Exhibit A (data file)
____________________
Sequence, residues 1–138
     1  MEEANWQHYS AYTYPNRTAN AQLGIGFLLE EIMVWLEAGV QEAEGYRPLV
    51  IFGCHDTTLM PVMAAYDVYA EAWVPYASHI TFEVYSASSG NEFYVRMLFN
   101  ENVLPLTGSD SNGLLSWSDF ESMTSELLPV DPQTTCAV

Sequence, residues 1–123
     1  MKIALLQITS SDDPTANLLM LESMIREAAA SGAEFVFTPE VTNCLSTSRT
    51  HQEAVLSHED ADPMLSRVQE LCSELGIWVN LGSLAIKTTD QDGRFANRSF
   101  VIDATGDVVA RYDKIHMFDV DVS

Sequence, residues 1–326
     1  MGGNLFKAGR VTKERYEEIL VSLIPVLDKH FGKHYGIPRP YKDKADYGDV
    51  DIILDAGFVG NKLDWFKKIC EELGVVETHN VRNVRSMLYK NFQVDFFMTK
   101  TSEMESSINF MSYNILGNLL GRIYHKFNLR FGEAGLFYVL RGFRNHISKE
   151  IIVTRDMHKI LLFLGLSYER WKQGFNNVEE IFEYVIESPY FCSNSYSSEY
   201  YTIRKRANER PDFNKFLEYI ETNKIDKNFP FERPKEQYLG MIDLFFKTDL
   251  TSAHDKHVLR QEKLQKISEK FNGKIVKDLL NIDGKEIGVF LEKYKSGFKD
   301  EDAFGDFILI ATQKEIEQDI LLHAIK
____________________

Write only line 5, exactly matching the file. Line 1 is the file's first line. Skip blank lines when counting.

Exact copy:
Sequence, residues 1–123